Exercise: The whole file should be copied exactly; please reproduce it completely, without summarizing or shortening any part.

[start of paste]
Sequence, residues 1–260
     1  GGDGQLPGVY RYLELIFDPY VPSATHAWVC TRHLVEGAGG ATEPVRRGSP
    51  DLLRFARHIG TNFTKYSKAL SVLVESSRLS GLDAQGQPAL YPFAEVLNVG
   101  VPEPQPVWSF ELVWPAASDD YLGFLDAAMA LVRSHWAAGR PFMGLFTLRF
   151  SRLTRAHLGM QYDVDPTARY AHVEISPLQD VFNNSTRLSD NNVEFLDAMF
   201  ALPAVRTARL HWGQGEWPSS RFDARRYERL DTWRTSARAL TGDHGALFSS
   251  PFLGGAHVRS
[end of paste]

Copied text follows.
Sequence, residues 1–260
     1  GGDGQLPGVY RYLELIFDPY VPSATHAWVC TRHLVEGAGG ATEPVRRGSP
    51  DLLRFARHIG TNFTKYSKAL SVLVESSRLS GLDAQGQPAL YPFAEVLNVG
   101  VPEPQPVWSF ELVWPAASDD YLGFLDAAMA LVRSHWAAGR PFMGLFTLRF
   151  SRLTRAHLGM QYDVDPTARY AHVEISPLQD VFNNSTRLSD NNVEFLDAMF
   201  ALPAVRTARL HWGQGEWPSS RFDARRYERL DTWRTSARAL TGDHGALFSS
   251  PFLGGAHVRS